Tribe Asks Federal Officials to Protect Land From Ranching Standoff Participants

Demonstrators gather near a national wildlife refuge to protest against a group occupying the land Saturday, Jan. 23, 2016, near in Burns, Ore. The leader of an armed group occupying a national wildlife refuge in Oregon plans to have a ceremony Saturday for ranchers to renounce federal ownership of public land and tear up their federal grazing contracts. (AP Photo/Keith Ridler)

The Burns Paiute Tribe wants federal officials to bar armed activists from traveling back and forth to a national wildlife preserve they are occupying in southeastern Oregon, fearing tribal artifacts will go missing or the group will disturb burial grounds.

The small group took over buildings at the Malheur National Wildlife Refuge more than three weeks ago that store over 4,000 archaeological artifacts and maps detailing where more items can be found. Members of the group, who are occupying the site to oppose federal land use policies, recently posted videos to social media that show them looking at some of the relics and criticizing the way the federal government has stored them.

The artifacts belonged to ancestors of the Burns Paiute Tribe, which works closely with the U.S. Fish and Wildlife Service to preserve prehistoric sites and artifacts at the refuge.

The tribe has “grave concerns regarding the present handling of the occupation as well as the prosecution of the militants,” tribal chairwoman Charlotte Rodrique wrote in a letter Friday to U.S. Attorney General Loretta Lynch and FBI Director James Comey.

Federal authorities have taken a hands-off approach so far and say they want a peaceful resolution. One of the group’s leaders, Ammon Bundy, has been in contact with an FBI negotiator and local law enforcement.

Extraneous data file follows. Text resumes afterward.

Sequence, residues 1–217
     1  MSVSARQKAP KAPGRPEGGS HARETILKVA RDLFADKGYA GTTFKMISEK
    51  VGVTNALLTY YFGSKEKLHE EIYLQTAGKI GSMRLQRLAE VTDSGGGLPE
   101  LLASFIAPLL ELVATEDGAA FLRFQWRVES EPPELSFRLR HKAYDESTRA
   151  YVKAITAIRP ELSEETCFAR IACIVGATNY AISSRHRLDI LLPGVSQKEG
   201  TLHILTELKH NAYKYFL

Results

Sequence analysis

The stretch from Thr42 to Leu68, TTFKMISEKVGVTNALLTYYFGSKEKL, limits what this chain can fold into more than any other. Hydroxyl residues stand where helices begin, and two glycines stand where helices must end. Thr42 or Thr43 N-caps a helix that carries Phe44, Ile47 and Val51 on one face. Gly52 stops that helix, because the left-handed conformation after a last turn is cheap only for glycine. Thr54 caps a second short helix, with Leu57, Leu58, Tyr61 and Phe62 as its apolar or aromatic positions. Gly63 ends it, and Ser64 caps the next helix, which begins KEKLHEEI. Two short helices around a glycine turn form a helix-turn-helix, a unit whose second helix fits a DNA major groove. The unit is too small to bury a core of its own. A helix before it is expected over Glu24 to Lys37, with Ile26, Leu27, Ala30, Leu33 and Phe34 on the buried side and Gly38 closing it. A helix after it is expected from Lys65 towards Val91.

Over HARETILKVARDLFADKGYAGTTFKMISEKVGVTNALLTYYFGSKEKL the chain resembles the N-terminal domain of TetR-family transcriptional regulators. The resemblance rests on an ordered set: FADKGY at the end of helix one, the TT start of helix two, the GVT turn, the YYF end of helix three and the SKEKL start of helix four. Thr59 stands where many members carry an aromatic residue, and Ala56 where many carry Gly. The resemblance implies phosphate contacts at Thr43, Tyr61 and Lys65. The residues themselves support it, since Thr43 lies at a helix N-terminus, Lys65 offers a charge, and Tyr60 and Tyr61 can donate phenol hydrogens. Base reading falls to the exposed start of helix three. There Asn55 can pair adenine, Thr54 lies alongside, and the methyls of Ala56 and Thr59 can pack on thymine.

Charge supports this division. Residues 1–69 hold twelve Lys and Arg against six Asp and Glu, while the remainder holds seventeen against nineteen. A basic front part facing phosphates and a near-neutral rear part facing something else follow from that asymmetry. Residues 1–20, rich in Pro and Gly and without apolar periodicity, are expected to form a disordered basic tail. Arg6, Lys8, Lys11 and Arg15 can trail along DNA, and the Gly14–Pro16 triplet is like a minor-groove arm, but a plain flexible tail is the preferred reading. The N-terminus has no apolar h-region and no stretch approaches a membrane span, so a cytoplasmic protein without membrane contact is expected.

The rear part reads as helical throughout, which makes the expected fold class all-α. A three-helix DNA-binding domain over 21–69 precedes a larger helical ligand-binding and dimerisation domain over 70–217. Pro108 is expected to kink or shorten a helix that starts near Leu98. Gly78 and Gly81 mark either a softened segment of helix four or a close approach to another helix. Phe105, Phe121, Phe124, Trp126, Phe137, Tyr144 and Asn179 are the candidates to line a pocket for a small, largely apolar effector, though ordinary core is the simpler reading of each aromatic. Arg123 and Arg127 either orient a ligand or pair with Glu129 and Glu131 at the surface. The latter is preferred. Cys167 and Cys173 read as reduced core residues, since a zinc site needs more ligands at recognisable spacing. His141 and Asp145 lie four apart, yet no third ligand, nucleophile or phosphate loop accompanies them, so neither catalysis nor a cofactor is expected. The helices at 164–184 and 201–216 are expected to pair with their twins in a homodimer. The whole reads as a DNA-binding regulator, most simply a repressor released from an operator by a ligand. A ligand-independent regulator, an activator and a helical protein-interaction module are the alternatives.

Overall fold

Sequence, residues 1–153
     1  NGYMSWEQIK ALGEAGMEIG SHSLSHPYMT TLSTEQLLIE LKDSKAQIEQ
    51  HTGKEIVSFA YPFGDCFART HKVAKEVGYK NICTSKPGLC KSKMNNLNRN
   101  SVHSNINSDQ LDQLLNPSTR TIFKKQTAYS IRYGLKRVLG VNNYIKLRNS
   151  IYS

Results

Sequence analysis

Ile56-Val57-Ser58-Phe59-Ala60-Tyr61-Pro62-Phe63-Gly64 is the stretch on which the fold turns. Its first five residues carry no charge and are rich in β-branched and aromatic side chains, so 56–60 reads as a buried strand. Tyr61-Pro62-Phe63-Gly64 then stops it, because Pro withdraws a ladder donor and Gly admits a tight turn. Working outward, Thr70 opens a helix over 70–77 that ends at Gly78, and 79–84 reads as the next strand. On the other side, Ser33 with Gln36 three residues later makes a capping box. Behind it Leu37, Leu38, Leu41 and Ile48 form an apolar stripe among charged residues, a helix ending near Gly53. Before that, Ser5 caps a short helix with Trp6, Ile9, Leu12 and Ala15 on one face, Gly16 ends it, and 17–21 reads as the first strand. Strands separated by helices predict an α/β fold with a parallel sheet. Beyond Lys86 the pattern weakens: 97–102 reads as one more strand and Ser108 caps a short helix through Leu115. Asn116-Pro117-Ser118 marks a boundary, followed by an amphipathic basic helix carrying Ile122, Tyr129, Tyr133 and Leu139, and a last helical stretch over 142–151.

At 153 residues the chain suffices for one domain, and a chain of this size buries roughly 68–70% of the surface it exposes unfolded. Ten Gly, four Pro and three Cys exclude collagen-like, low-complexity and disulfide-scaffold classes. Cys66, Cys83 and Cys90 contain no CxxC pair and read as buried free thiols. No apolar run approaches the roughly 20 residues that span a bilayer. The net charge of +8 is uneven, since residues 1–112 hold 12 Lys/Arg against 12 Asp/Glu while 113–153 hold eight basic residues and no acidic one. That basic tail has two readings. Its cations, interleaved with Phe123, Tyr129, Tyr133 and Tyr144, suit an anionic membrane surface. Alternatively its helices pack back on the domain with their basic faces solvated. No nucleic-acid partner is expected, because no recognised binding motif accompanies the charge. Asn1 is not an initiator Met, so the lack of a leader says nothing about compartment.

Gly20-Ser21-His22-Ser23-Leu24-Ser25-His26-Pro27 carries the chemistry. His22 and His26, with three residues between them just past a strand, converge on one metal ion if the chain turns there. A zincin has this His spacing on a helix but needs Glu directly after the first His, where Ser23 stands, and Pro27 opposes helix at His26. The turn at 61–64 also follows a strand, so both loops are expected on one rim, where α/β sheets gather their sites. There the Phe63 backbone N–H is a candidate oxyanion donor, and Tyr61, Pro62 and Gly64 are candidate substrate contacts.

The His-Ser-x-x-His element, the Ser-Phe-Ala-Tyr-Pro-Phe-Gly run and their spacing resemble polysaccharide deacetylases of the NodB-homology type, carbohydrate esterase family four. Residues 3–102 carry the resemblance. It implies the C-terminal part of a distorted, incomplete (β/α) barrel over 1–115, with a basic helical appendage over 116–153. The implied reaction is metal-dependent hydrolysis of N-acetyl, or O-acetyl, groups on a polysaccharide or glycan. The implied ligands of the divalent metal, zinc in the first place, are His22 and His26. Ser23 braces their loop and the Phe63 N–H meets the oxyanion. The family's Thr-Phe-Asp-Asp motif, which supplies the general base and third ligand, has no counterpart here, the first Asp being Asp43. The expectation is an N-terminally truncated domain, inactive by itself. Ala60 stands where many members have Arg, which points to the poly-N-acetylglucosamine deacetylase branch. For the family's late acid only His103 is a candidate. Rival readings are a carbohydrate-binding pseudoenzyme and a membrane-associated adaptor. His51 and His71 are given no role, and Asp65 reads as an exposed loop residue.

FBI spokeswoman Beth Anne Steele said Monday that she couldn’t comment because of the ongoing investigation.

Members of the group have been able to come and go from the refuge, at times buying supplies at a local grocery store and occasionally meeting with government officials. Authorities have stayed away from the property, setting up their operational headquarters nearly a half-hour’s drive away in Burns. Officials there didn’t immediately return requests for comment.

“Allowing the militants free passage to and from the Refuge must stop,” Rodrique wrote.

The activists also have built a road through part of the refuge and taken down a fence, she noted.

“We fear that the demolition and construction activities of the militants may have harmed our burial grounds and disturbed Tribal artifacts,” she wrote.

There is a robust black market for Native American antiquities, she said.

“We fear that our Tribal cultural patrimony provides an all too easy funding source for the militants,” Roderique wrote.

Two leaders of the group didn’t immediately return phone messages requesting comment.

But Ryan Bundy said about a week ago that the group was not interested in the artifacts and would turn them over to the tribe if asked. He also said the protection of prehistoric sites at the refuge should take a backseat to grazing and logging rights.

The federal government’s approach to the activists has increasingly frustrated some residents. Counterprotesters have begun to gather on the refuge with signs telling the group to go home.

Divisions also are starting to appear among law enforcement entities. The refuge is in Harney County, where local officials have been working closely with state and federal authorities.

Glenn Palmer, the sheriff of neighboring Grant County, recently endorsed some of the group’s demands, including releasing two local ranchers imprisoned on arson charges and sending home the FBI.

“The government tis going to have to concede something” to end the occupation, Palmer told The Oregonian newspaper ( ).

Malheur County Sheriff Brian Wolfe, who has been helping Harney County and federal officials, said Palmer’s position is not helping.

“If anything, it hampers the effort to end this,” Wolfe told the newspaper.


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